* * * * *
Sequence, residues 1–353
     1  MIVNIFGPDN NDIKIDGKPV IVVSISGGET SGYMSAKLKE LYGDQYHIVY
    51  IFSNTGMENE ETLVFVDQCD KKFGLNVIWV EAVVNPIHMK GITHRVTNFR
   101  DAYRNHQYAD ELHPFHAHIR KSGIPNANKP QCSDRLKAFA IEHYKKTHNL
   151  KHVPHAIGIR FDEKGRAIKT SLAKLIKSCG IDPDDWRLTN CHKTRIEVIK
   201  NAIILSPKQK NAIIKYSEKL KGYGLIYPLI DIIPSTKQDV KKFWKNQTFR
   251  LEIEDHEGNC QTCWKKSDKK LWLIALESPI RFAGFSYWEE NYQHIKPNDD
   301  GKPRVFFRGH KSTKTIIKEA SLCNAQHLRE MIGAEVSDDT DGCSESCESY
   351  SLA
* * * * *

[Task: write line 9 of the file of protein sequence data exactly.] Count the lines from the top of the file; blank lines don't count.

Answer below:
   351  SLA